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Yankees 8, Blue Jays 3: Aaron Judge hits 61, ties Roger Maris

Some other things happened in the game as well.

MLB: New York Yankees at Toronto Blue Jays Nick Turchiaro-USA TODAY Sports

In the seventh inning of a tied ballgame, 2500 miles from Linden, California, in another country to boot, Aaron Judge tied history, hitting his 61st home run of the season. Words have become superfluous when describing Aaron Judge’s season. He is, simply, closing up one of the very greatest years a baseball player has ever had.

He has been worth 11 wins, on a team with a 9.5 game lead in the division. Despite being pitched around for a week, he hasn’t expanded, chased, or pressed at the plate. He walked 14 times between No. 60 and 61, including five straight times in the last two games. He never shook from his approach at the plate, and when Tim Mayza left a sinker out over the plate, well, you’ve seen it by now:

Of course, the home run came late in a tie game, giving his team a lead they would not relinquish, an 8-3 Yankees victory. I’ve written all year about Judge’s chase of Roger Maris, thinking back in June that he would get there. He has one more home run to go this season, but I never thought he would be the most dominant offensive force the sport has seen in 20 years.

Gerrit Cole continues to lead the world in OneBadInning+. It was funny, given what Matt Blake said about his sometimes wandering focus:

Cole was excellent, nay, perfect, through five innings. He tied Ron Guidry’s single season strikeout record at 248 — the other little bit of baseball history tonight — gave up a single hard hit ball, and looked as good as I’ve ever seen him, upping his curveball usage to 30 percent in the first five frames and dominating with it.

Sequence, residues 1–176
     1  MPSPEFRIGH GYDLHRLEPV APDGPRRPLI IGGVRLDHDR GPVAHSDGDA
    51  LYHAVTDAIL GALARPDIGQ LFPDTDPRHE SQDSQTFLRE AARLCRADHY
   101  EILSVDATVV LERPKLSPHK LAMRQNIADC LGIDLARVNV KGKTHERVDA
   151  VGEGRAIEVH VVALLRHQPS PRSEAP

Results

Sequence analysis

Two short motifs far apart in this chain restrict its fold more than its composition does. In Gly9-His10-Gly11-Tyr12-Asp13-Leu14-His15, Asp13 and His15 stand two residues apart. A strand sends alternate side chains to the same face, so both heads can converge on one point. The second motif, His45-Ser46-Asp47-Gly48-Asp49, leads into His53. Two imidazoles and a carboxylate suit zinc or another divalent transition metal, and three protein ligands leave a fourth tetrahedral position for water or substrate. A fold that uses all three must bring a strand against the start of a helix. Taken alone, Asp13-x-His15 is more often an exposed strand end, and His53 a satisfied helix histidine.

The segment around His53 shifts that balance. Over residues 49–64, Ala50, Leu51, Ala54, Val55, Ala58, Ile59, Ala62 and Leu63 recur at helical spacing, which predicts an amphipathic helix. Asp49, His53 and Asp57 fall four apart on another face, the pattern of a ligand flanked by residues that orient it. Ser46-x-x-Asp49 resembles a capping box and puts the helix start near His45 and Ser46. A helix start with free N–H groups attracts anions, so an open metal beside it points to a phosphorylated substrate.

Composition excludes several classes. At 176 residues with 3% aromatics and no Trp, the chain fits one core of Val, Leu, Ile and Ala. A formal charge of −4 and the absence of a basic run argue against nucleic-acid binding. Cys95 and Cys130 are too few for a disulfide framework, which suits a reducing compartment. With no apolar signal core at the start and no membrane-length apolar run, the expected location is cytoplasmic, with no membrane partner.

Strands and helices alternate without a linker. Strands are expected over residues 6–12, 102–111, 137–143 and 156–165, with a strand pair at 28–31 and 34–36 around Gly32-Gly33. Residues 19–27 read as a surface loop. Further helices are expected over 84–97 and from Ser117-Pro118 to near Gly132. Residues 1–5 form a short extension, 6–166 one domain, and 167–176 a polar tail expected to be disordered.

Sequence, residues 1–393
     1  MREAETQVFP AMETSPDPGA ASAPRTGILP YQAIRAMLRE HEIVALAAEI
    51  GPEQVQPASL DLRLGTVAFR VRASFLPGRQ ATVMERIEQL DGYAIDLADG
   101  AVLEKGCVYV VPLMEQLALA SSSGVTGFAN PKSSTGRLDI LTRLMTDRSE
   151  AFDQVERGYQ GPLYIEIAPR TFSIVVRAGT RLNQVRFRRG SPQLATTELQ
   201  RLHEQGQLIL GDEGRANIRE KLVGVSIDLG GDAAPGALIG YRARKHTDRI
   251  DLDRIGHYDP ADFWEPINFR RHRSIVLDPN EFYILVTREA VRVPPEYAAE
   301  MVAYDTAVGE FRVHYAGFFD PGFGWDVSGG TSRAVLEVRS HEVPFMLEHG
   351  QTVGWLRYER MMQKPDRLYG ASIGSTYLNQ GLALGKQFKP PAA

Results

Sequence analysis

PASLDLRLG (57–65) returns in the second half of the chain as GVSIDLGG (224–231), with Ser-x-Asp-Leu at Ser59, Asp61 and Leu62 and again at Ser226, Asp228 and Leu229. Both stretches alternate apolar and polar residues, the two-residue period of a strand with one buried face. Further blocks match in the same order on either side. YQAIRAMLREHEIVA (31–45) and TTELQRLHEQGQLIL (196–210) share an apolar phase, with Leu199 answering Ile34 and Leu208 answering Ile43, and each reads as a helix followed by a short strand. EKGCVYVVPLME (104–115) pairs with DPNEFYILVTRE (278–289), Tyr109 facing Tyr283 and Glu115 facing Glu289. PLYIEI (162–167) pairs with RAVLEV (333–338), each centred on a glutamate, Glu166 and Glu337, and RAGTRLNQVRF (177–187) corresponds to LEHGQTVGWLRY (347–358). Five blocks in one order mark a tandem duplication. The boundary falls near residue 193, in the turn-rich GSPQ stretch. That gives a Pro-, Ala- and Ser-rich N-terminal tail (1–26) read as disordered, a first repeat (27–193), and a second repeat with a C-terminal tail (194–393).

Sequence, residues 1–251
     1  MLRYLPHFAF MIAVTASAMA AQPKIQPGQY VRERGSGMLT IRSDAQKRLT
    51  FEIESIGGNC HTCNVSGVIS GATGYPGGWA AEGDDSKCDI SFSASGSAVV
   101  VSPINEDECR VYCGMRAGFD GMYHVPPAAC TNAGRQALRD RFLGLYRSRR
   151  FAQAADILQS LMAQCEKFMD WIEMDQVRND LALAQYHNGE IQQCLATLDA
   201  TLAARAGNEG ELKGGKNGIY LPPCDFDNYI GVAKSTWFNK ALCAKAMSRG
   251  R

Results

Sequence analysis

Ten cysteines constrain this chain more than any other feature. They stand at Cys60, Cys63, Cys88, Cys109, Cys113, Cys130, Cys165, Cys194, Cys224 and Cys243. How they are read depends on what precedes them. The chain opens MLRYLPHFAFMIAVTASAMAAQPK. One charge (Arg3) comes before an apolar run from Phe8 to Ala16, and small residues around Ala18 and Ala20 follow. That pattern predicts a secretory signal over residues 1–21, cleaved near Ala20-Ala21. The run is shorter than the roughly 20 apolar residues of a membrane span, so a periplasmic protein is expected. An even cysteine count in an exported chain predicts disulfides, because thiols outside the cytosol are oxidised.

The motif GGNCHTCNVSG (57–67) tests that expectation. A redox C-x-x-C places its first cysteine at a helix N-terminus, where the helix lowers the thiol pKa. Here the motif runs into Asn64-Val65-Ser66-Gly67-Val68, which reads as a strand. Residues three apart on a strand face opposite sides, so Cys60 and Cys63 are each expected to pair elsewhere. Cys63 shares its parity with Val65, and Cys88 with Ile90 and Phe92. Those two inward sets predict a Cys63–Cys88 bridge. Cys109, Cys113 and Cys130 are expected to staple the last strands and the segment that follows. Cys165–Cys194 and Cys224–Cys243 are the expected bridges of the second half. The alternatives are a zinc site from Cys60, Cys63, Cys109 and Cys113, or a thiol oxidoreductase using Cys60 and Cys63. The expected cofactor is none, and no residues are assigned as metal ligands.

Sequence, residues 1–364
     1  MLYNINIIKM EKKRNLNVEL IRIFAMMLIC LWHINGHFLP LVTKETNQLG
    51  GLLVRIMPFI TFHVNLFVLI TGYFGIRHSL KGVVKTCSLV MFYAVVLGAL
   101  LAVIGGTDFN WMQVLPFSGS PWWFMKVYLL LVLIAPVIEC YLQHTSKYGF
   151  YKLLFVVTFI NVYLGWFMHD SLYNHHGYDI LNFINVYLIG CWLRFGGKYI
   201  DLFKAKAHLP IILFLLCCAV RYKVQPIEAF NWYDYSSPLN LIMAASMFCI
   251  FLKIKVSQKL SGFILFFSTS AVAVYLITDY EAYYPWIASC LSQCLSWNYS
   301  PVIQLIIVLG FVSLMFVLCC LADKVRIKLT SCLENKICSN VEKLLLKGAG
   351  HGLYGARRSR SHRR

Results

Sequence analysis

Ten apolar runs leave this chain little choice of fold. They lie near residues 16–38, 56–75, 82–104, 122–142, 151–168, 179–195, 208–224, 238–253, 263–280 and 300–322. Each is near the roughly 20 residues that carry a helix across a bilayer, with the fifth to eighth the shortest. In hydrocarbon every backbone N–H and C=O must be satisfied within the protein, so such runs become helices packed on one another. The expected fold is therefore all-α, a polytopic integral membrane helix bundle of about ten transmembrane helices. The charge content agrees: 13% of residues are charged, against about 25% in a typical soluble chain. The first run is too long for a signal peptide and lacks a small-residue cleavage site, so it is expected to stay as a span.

And then in the sixth, he hung a slider to Danny Jansen that Jano took out to left. Ok, 3-1, solo shots don’t kill you ... but this mistake proved hard for Cole to let go. He gave up another hit immediately on another slider to Whit Merrifield, and walked Jackie Bradley, Jr., he of the .254 OBP entering play.

Bo Bichette singled to bring in Whit, and if there was any doubt that Cole’s mind was not on the batter in front of him — one Vlad Guerrero Jr. — he balked, and what a balk it was.

Sometimes guys will twitch or get a spike caught, those things happen. We try not to speculate on a guy’s mental faculties in-game, but Cole was rattled. I don’t know how you fix this — he can’t completely forget how to pitch if José Ramírez hits a hanging slider in an ALDS game.

His final line was passable, I suppose, but given he was literally perfect through five, and his meltdown was so obviously mental, I’m flabbergasted by where this team goes with Gerrit Cole. He’s not unrosterable, but boy, I may have to watch his playoff work through my fingers.

Judge wasn’t the only offense for the Yankees, but the only home run. Josh Donaldson and Oswald Peraza both had RBI singles in the first inning, Peraza’s giving him his first career run batted in. Harrison Bader also had an RBI single, and caused some chaos in the eighth to give the club some insurance:

Words have become superfluous in describing Judge’s season, and they’re largely so in describing this game. It is the 61 Game, and we’ll get a chance at a potential 62 Game Friday night when the Baltimore Orioles come into the Bronx.

Box Score